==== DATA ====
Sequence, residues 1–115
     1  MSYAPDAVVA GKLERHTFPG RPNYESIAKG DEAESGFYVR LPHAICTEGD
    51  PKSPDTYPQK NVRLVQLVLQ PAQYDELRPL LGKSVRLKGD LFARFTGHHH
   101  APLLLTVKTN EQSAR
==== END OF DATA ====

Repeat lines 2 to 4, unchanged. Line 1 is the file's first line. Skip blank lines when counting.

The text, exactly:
     1  MSYAPDAVVA GKLERHTFPG RPNYESIAKG DEAESGFYVR LPHAICTEGD
    51  PKSPDTYPQK NVRLVQLVLQ PAQYDELRPL LGKSVRLKGD LFARFTGHHH
   101  APLLLTVKTN EQSAR